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Toddle Inn

Toddle Inn
Plaque no. 28
Date of plaque unveiling
21 August 1984
Leslie Gray
640 Richmond Street, London, Ontario

Take a tour of Toddle Inn on HistoryPin

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In 1891, Michael Cullen and Walter Milburn operated a blacksmith shop in the building that later housed the Toddle Inn.

William Lashbrook took over the shop in 1893, just as Richmond Street was about to undergo a transformation as electric trolleys and street lights replaced horse-drawn streetcars and oil lamps. New houses and businesses were being built, including Lashbrook`s home (now 642 Richmond Street) next to his blacksmith’s shop.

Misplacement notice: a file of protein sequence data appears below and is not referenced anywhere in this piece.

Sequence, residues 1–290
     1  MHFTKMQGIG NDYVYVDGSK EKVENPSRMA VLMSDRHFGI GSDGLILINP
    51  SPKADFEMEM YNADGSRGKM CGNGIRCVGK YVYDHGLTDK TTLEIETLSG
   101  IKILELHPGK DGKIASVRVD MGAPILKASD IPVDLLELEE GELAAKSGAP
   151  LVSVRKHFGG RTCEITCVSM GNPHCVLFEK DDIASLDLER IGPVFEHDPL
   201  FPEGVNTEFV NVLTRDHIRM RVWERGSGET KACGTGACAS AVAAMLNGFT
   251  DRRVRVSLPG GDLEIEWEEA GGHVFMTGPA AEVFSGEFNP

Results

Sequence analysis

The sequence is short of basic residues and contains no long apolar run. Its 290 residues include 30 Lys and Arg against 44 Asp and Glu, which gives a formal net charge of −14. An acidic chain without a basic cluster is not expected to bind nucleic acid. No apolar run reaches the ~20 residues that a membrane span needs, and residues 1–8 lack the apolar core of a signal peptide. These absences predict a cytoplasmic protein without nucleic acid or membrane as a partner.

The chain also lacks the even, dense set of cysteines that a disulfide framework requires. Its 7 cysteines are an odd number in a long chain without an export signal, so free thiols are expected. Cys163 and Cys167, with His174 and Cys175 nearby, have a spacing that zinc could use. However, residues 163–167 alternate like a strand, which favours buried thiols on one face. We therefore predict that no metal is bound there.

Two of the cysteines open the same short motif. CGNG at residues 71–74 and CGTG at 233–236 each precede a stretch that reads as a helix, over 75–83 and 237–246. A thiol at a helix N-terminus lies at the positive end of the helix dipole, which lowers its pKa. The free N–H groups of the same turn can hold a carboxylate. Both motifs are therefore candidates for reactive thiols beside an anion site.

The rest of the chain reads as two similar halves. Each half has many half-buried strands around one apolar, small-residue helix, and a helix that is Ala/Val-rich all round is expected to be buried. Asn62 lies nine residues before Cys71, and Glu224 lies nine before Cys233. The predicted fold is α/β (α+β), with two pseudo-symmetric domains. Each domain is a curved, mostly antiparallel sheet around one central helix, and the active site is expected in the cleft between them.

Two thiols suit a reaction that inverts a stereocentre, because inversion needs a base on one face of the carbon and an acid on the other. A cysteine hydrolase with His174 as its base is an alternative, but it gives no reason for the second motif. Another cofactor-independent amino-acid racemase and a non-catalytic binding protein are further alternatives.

In1924 he leased the smithy to Richard Weir. Lashbrook died in 1938, but his wife Sarah retained ownership of the building until 1947, when she sold it to Charles W. Egleston.

Ironically just south of the blacksmith shop, a Cities Services Oil Company gas station had been established at the northeast corner of Hyman and Richmond streets as early as 1931. With the increased number of cars on the roads by the late 1940s, the need for blacksmithing declined.

Egleston converted the shop into a restaurant to cater to the bustling neighbourhood which included a bank, barber shop, coffee shop and grocery.

Egleston’s new enterprise, the Toddle Inn, opened as a modest establishment with a simple menu and a large, horseshoe-shaped counter. His customers were mostly single people and students. In later years, tables were added and the Toddle Inn expanded its menu to appeal to a broader clientele.

The Toddle Inn was operated by the Egleston family from 1947 to 2015.